President-elect Donald Trump has chosen former Georgia Gov. Sonny Perdue to lead the Department of Agriculture, senior transition officials tell NBC News.
Perdue, 70, served on Trump's agricultural advisory committee during his presidential campaign. His nomination, which must be confirmed by the Republican-led Senate, will complete Trump's proposed cabinet just two days before he is sworn in as president on Friday.
Born and raised in Georgia, the 70-year-old veterinarian served as a state senator for 10 years beginning in 1991. In 2003, he became Georgia's first Republican governor since Reconstruction.
Perdue was reelected in 2006 — an accomplishment that provides the nominee a sense of familiarity that might make for an easier confirmation process compared to what could be in store for some of Trump's more politically inexperienced cabinet picks.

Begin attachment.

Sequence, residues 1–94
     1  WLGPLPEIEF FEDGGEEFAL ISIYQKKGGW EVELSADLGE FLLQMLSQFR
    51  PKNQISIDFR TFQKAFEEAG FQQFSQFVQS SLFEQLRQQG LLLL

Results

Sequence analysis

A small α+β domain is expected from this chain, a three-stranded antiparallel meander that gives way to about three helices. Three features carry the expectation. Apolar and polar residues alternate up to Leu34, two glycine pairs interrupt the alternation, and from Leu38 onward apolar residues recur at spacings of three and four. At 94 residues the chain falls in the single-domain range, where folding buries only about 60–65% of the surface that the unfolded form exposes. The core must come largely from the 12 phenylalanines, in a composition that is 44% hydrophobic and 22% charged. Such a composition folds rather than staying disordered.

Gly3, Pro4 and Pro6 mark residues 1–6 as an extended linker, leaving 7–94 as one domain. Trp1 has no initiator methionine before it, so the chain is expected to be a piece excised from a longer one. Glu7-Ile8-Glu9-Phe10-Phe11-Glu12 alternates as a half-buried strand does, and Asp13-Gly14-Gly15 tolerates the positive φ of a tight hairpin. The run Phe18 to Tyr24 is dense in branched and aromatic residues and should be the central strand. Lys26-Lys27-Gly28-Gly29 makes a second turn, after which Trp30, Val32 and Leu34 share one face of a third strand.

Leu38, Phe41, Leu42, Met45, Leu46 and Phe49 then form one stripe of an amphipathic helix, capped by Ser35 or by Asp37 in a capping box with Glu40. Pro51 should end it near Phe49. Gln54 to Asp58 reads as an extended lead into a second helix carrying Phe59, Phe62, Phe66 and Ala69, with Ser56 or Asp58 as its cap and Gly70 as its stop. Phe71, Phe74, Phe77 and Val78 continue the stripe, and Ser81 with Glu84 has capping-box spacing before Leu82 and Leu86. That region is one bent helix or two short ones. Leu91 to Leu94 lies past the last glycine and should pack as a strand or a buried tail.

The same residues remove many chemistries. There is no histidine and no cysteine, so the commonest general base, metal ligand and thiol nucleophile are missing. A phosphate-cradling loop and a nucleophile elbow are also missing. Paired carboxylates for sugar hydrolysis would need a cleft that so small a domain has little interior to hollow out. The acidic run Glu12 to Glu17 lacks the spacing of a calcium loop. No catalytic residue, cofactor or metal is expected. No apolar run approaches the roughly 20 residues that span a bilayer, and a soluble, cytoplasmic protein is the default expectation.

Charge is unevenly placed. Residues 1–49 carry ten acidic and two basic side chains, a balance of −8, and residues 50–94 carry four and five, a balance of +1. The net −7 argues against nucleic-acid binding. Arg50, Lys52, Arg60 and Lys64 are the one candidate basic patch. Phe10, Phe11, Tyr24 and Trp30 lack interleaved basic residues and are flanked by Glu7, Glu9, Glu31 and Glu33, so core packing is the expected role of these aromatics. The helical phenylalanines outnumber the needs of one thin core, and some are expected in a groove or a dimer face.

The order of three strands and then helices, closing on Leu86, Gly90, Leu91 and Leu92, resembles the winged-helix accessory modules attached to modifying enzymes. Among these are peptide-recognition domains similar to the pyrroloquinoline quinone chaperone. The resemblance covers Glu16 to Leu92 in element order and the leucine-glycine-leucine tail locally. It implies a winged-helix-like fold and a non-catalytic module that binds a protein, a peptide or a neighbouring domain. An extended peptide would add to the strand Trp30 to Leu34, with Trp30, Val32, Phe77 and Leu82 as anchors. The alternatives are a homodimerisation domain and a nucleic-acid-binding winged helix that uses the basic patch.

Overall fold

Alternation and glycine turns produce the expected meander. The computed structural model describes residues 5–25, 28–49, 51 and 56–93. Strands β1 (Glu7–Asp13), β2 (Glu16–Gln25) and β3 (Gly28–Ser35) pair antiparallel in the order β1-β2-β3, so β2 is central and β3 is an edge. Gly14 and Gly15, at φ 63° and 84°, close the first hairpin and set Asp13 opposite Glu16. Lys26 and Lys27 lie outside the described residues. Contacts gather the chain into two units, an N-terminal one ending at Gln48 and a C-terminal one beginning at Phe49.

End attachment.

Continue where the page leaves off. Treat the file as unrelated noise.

Like Trump in the 2016 election, Perdue won his first gubernatorial bid thanks in large part to disillusioned white voters.
Upset that Georgia's legislature had stripped the state flag of its large Confederate battle cross in 2001, rural whites the next year overwhelmingly flocked to Perdue, who had promised a referendum on bringing the emblem back. Georgia voters in 2004 ended up choosing a design resembling the national "Stars and Bars" flag of the Confederacy over the more infamous battle cross.'
Perdue is perhaps best known as the Georgia governor who prayed for rain on the steps of the state Capitol during a drought. The event drew a crowd and national headlines.
After departing the governorship in 2011, Perdue founded Perdue Partners — an Atlanta-based company that deals in global trade and focuses on the exporting of U.S. goods.
Perdue's first cousin, David Perdue, is a U.S. senator who represents Georgia and sits on the Senate Agriculture Committee.
David Perdue, a Republican, said he "could not be more proud" of the president-elect's choice, and cited his term as governor, his agribusiness career and leadership roles in feed and grain associations as a testament to his experience.
"I am confident Sonny will work hard to advance smart agriculture policies that will help our farmers, ranchers, and rural communities across the country," David Perdue said in a statement.